Indeed we can. And when the Silly Season has passed, Ms Pitt's action will be seen for what it was: A cheap shot on behalf of those frustrated that the Anglican Communion was holding together after all.

Dr Williams is an assiduous letter writer. He will try to engage any correspondent, time allowing, in the exploration of his and his correspondent's faith. That and the ability to hold a valid personal life alongside, but not interfering with, his professional role as Archbishop of Canterbury is a considerable pastoral commitment. Sadly, no such noble motives can be attached to Ms Pitt's actions and correspondence."

Sunday, August 17, 2008

Church Times says Diocese of Ft Worth is going to Rome.

In spite of protestations to the contrary The Church Times is reporting that the Diocese of Ft. Worth is going to Rome, lock stock and barrel.
(On Aug 18th I received an e-mail from Pat Ashworth at The Church Times who wanted you all to know that this article had gone to press before Bishop Iker issued his denial even though it was published afterward.)

"A record of a meeting between clergy members of the US Episcopal diocese of Fort Worth, which has aligned itself to the province of the Southern Cone, and the RC Bishop of Fort Worth, the Most Revd Kevin Vann, came to light this week. The clergy are requesting the necessary guidance for making a proposal to lead the diocese into full communion with Rome. The clergy say that they have the “unequivocal support” of the Bishop of Fort Worth, the Rt Revd Jack Iker. They describe the Archbishop of Can ter bury as “incapable of provid ing decisive leadership”, and declare that “a magisterium is absolutely essential”. They describe the Roman Catholic Church as “the one true Church”, and insist: “The Protestant/ Low Church teachings, the Liberal experiential teachings are just not true [their italics]. The Catholic faith, the Catholic practice, the Catholic teaching — is true.”"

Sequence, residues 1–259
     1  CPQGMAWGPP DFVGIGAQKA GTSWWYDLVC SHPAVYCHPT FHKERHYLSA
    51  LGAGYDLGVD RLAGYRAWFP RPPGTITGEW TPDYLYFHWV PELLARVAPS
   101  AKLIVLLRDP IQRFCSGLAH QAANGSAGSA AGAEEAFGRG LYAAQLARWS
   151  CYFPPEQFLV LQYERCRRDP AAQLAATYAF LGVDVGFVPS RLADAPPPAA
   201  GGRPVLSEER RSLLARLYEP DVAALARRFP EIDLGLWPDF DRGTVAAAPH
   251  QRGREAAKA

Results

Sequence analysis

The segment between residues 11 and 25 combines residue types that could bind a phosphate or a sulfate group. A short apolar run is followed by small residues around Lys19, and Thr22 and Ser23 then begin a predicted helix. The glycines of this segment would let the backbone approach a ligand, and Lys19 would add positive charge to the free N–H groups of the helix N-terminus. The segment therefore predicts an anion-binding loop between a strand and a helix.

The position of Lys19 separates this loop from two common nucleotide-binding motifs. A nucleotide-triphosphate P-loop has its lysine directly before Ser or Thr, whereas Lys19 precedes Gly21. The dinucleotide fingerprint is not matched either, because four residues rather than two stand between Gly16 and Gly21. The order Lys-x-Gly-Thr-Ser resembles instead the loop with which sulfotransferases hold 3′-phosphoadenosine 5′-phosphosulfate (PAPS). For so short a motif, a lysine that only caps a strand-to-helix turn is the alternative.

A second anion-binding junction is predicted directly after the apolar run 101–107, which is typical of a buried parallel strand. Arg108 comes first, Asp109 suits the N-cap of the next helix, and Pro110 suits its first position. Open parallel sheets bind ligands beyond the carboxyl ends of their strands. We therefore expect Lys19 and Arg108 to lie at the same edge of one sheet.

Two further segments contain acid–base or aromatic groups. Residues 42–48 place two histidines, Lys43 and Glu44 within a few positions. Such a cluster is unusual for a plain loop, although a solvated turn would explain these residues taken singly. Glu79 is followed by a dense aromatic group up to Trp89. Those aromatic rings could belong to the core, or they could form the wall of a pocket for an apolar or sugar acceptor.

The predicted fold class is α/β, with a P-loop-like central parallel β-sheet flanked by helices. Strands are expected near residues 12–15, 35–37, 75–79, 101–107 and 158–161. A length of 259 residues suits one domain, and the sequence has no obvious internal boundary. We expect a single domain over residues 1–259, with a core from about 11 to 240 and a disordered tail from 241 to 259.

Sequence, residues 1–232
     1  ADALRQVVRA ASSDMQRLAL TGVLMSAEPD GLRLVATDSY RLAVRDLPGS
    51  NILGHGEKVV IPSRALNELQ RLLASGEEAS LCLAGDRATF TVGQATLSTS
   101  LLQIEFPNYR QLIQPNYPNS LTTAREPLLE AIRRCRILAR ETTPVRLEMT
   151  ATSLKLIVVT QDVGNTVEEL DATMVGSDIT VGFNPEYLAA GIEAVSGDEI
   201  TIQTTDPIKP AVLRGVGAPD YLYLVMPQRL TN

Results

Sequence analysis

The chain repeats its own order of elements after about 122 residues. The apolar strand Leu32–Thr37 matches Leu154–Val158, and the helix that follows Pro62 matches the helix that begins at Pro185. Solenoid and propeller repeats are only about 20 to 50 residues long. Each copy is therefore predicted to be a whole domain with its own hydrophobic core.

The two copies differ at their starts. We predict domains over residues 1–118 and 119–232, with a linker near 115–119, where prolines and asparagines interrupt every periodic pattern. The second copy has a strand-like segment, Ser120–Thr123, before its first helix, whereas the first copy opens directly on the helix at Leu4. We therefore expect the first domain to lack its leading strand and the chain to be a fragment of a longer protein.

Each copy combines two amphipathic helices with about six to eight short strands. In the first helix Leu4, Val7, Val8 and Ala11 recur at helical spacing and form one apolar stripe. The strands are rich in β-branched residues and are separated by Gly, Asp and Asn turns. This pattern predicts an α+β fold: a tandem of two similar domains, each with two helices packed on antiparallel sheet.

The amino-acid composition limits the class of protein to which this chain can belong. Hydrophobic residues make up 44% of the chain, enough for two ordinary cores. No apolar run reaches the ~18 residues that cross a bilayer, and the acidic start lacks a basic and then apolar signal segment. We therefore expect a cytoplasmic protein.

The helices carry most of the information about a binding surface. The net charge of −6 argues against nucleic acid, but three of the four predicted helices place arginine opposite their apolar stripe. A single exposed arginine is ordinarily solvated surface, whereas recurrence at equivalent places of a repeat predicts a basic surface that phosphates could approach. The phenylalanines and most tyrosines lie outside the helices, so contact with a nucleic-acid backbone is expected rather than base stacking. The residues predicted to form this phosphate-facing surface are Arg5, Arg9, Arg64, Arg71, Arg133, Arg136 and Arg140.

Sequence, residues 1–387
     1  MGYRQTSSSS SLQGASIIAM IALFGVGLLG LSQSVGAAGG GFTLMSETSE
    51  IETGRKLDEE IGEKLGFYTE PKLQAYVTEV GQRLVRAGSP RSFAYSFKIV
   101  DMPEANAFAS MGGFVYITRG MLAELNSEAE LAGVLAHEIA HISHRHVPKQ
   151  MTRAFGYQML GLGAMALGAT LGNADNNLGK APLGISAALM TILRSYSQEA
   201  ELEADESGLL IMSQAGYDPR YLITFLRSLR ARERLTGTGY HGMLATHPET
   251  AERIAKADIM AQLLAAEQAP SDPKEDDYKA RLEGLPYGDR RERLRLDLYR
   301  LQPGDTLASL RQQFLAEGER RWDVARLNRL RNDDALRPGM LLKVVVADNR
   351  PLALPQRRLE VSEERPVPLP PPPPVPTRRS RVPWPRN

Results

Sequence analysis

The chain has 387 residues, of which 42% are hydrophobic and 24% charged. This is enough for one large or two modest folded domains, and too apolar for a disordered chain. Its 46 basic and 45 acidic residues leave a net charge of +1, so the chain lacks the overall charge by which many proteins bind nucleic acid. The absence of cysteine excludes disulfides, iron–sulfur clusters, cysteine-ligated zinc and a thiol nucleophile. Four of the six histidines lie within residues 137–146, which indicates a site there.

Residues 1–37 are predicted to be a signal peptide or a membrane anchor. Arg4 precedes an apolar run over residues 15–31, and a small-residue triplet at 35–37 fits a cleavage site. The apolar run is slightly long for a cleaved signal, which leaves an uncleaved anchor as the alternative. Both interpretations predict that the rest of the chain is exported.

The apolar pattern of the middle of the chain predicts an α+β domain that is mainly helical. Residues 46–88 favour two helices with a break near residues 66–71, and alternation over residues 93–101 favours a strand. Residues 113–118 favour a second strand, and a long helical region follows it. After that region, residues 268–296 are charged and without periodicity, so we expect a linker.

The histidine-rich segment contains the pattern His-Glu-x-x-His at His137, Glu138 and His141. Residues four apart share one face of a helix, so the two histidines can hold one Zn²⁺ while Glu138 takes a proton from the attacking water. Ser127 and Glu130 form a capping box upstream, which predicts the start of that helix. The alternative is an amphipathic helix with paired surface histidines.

Its all here-

Of course the bishop of Ft Worth has denied this. I posted that several days ago. It can be found here-

True Christian Unity? Reflections on the Lambeth Conference

The Rev Dr. Ephraim Radner has a long but very good analysis of the hopes for the Anglican Communion post-Lambeth. Ephraim was one of the drafters of the Anglican Covenant and committed to staying in the Episcopal Church. There are several other pieces on the blog by him.

"And what if churches and bishops and dioceses simply continue to “do what is right in their own eyes”, despite the consensus of the Conference’s voice? The Archbishop noted that “if the north American churches don’t accept the need for moratoria then, to say the least, we are no further forward”; indeed, we “continue to be in grave peril” and the hopes of the Covenant itself are undermined. ACI reiterates its view that there is a need for some concrete response of relationship now in the face of rejection of moratoria if the Communion is to get beyond its current morass, even in spite of the new clarities offered above. The rejections of the moratoria are already evident in some cases, and likely soon in others on all sides. Unless the Pastoral Forum, the Primates, the Joint Standing Committee and the Archbishop are willing to respond relationally, according to the reasonable and Christian parameters that a “communion” embodies and intends, what was seen as a way forward is no doubt only a glimpse before a backward fall."